Their team save percentage was a resounding .923 in 2018-19, versus a league average of .905, and the Stars enjoyed similar advantages at even-strength. Bishop was particularly brilliant with a .934 save percentage in the regular season and .933 in the playoffs, both marks that few goalies can pull off regularly, and 32-year-old Bishop often faces challenges even staying on the ice after years of wear and tear.

It’s not outrageous for head coach Jim Montgomery to take a “if it ain’t broke” mentality, though.

While the Stars weren’t the most exciting team to watch, they were often pretty effective once you consider certain analytics. Yes, they actually allowed more shots on goal per game (31.6) than they generated (30.7), yet the Stars look better when you drill down to other stats, as they were able to get a better share of high-danger chances than they allowed.

A boost from Pavelski and/or Perry doesn’t necessarily guarantee that the Stars should get into old-west shootouts with teams that have high-end arsenals. You could argue that Dallas may still be closer to mid-range when it comes to firepower, especially if Perry’s as done as he seemed during his darkest Ducks days.

But it’s tough to ignore that the Stars walked a difficult tightrope overall last season, only scoring nine more goals (209) than they allowed (200).

Maybe more than anything else, it’s crucial for Montgomery to avoid going on autopilot.

Injuries, and streaks both hot and cold, can change how you approach given nights during an 82-game season. There might be times when it makes sense for the Stars to be bolder, and also dog days of 2019-20 when they’re better off nursing leads and reducing the burden on veteran players. Montgomery also may want to experiment here and there, particularly if he believes that the top line could transform into two strong scoring lines now that Dallas has Pavelski in the mix.

With Klingberg and Miro Heiskanen providing the Stars with some modern weapons on defense, this team could conceivably succeed if they decide to pursue a frantic pace.

It should be intriguing to see how Montgomery approaches the way this team plays — and hopefully, it will also be fun to watch.

MORE:
• ProHockeyTalk’s 2019 NHL free agency tracker
• Your 2019-20 NHL on NBC TV schedule

James O’Brien is a writer for Pro Hockey Talk on NBC Sports. Drop him a line at phtblog@nbcsports.com or follow him on Twitter @cyclelikesedins.

It’s Dallas Stars Day at PHT

Each day in the month of August we’ll be examining a different NHL team — from looking back at last season to discussing a player under pressure to identifying X-factors to asking questions about the future. Today we look at the Dallas Stars.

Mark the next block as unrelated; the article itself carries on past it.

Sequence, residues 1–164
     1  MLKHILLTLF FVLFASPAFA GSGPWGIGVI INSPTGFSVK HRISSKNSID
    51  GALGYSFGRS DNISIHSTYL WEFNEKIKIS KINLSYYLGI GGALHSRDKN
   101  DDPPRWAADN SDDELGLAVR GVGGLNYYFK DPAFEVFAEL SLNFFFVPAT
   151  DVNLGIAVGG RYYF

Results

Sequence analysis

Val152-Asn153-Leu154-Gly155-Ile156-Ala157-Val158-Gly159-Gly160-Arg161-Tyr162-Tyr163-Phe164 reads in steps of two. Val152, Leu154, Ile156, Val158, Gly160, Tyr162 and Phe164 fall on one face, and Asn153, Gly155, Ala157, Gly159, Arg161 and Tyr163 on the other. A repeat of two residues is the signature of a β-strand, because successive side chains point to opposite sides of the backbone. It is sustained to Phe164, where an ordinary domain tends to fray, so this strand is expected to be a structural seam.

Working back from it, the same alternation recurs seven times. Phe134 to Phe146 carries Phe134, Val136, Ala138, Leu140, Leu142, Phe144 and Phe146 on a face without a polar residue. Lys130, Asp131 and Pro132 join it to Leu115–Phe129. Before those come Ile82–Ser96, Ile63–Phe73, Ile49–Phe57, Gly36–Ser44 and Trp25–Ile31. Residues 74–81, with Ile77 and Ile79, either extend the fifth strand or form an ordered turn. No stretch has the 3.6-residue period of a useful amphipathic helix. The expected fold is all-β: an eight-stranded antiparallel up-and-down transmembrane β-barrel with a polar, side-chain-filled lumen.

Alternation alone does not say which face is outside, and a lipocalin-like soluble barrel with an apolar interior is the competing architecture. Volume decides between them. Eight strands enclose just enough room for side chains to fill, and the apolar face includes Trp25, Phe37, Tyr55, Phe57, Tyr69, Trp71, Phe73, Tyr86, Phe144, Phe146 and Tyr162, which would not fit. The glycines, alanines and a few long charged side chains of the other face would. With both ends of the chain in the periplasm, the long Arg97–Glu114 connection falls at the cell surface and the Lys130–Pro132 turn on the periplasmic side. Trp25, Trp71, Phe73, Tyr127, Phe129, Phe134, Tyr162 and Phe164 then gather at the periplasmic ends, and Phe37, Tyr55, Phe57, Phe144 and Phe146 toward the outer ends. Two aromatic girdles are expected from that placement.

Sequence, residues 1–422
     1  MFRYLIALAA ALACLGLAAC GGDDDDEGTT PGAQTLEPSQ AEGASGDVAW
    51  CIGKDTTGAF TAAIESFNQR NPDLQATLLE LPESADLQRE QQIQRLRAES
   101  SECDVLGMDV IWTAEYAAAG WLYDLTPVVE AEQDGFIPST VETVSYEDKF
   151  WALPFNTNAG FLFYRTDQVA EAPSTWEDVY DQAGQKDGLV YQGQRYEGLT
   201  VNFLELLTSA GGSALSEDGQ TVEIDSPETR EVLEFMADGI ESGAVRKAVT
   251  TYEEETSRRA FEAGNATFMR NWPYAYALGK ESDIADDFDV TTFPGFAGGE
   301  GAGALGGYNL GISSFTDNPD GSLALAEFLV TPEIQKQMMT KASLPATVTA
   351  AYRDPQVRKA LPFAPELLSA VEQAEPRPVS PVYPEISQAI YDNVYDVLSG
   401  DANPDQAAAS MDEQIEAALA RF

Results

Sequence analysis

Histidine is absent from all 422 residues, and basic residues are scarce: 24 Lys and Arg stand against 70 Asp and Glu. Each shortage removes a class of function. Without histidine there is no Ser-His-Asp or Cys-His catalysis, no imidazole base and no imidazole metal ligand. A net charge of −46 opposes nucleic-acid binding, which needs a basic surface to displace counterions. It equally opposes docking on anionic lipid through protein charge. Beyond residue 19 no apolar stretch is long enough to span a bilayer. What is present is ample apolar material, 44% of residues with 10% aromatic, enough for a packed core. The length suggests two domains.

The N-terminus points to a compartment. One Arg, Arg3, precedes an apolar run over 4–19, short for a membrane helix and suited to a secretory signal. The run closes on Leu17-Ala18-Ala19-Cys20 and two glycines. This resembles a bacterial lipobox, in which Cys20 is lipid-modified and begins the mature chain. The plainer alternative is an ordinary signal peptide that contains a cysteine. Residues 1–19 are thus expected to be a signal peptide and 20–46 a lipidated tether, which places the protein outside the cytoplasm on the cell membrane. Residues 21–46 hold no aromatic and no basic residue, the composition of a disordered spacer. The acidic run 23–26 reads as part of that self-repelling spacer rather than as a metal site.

2018-19
43-32-7, 93 points (4th in the Central Division, 6th in the Western Conference)
Playoffs: Lost in seven games to the St. Louis Blues in Round 2

IN
Joe Pavelski
Corey Perry
Andrej Sekera

OUT
Mats Zuccarello
Jason Spezza
Valeri Nichushkin
Tyler Pitlick
Ben Lovejoy
Brett Ritchie

RE-SIGNED 
Esa Lindell
Jason Dickinson
Mattias Janmark
Roman Polak

2018-19 Season Review

By almost any measure, Jim Montgomery’s debut season as Stars head coach was a big success.

In other words, it wasn’t blanking horse-blank.

After missing the playoffs for two straight years despite GM Jim Nill’s frequent tendency to “win” offseasons, and going through a failed experiment with bringing back Ken Hitchcock, it was Montgomery who finally righted the ship.

Of course, it didn’t hurt that his goalies performed at an elite level — although you could call that a symbiotic relationship, as Ben Bishop and Anton Khudobin made the saves, while Montgomery’s system made life easier for both veteran goalies.

Either way, Bishop’s work was especially remarkable in 2018-19. Bishop generated a tremendous .934 save percentage during the regular season, then nearly matched it with a .933 mark in the postseason. While the Stars fell short against the Blues in a tight Game 7 that went beyond regulation, Bishop was stellar, making 52 saves to keep Dallas in the running.

Despite CEO Jim Lites’ comments, the Stars’ dynamic duo of Tyler Seguin and Jamie Benn were mostly dominant this season and into the playoffs, often with Alex Radulov. Yet, it was an injection of depth that took Dallas to another level during the 2019 Stanley Cup Playoffs. Mats Zuccarello was a dangerous playmaker once he was finally healthy, and Roope Hintz‘s bulldozer style portended good things for the future.